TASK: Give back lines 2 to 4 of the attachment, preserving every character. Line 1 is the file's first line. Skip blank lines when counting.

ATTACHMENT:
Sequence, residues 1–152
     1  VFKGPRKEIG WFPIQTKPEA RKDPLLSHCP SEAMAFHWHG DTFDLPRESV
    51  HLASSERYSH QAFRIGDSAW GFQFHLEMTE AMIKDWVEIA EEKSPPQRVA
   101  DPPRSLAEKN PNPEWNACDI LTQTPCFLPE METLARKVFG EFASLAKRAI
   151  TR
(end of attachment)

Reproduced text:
     1  VFKGPRKEIG WFPIQTKPEA RKDPLLSHCP SEAMAFHWHG DTFDLPRESV
    51  HLASSERYSH QAFRIGDSAW GFQFHLEMTE AMIKDWVEIA EEKSPPQRVA
   101  DPPRSLAEKN PNPEWNACDI LTQTPCFLPE METLARKVFG EFASLAKRAI